Being the driver for most trips during our marriage, I think I might enjoy having the car drive while I get to enjoy the scenery.

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  15. About the Verizon phone: you're probably still paying a high monthly fee as a payment for the phone? If so, switch to the sim-only plan, where you only pay for your minutes and data, and no longer for buying the phone (as Verizon is pointing out that you've paid your dues on it).

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  16. Have you converted your LPs to digital so you can listen to them on your phone or a portable? We did that a few years ago for some stuff and it is great but there are issues. Very cool to do this. Love listening to the Beach Boys or Elvis stuff from long ago. Also have you used one of those portable Bose sound bars? It puts out big stereo sound from a little box linked to my cellphone and is totally portable so you can take it to the beach or outside on the patio.

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    1. All of my vinyl LPs were quite worn so at some point I got rid of them. But, being in the radio business, I had hundreds of CDs (probably close to 500) with everything from oldies and classic rock to new age, soft jazz and classical. Those are the ones I copied onto the Ipod.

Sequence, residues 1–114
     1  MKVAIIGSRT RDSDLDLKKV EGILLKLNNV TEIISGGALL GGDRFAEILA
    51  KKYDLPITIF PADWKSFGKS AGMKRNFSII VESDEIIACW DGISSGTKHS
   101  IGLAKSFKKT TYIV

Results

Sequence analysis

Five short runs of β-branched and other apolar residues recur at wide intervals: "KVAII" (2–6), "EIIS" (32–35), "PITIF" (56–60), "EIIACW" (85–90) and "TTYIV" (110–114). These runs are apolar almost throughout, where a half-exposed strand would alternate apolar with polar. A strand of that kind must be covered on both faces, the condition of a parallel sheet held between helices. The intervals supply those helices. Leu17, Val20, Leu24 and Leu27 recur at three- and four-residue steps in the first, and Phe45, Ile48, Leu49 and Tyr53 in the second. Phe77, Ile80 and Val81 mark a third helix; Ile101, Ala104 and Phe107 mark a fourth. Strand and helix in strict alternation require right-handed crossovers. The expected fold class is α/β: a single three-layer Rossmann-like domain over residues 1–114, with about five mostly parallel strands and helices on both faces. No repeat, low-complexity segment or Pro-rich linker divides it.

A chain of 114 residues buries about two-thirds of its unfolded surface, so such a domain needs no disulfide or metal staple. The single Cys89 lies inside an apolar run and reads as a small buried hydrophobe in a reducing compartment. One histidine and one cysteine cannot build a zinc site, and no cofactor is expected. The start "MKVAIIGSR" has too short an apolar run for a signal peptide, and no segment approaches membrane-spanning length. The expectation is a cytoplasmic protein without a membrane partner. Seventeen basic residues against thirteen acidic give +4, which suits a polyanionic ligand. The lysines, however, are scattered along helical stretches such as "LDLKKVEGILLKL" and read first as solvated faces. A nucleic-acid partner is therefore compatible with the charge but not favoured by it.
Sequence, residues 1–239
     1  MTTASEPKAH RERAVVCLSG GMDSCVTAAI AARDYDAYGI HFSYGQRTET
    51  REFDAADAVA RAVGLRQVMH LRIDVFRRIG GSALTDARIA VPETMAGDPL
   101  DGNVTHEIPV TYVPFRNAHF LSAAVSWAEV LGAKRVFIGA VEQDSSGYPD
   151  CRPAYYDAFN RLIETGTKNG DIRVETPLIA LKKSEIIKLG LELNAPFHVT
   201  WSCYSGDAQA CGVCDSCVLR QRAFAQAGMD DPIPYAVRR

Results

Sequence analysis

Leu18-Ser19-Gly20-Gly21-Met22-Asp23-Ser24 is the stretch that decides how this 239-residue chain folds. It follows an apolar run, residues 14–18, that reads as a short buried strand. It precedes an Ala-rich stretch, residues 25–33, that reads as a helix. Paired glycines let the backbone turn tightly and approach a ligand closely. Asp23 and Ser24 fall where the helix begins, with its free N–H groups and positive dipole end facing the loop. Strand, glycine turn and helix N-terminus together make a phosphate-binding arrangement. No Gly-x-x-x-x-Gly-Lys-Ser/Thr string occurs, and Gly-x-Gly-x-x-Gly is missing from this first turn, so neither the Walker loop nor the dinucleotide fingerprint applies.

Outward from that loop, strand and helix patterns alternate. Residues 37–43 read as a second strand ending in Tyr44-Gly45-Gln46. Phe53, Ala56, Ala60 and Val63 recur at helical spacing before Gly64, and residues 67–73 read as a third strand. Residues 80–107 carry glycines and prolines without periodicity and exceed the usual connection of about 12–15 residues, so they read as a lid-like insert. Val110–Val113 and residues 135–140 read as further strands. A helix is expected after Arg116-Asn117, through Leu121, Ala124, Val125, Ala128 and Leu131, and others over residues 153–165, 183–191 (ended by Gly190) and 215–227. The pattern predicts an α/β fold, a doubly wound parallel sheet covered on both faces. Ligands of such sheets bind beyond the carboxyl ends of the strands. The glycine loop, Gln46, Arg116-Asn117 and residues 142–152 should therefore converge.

I have a few portable speakers for the Ipod and cell phone, one Bluetooth and another requires a cable. They are small enough to take on an RV trip but produce excellent sound.

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  17. Everyone is behind the curve on technology as the rate of advancement is so fast and fields are so broad now, I read new scientist now and again just for the 'wow' factor the beauty of all the choice there is around media and how to access it is that we all have more choice vinyl/stored/streamed that you can just pick the way(s) that suit you and don't worry about being up to date, just go for what suits. I love tablets and barely use computers now as they're so much simpler (for me) than 'managing' hardware/software upgrading

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    1. I still prefer sitting in front of my large, desktop monitor for any involved computer work. The Kindle, laptop and tablet don't get much use even though they do have some advantages.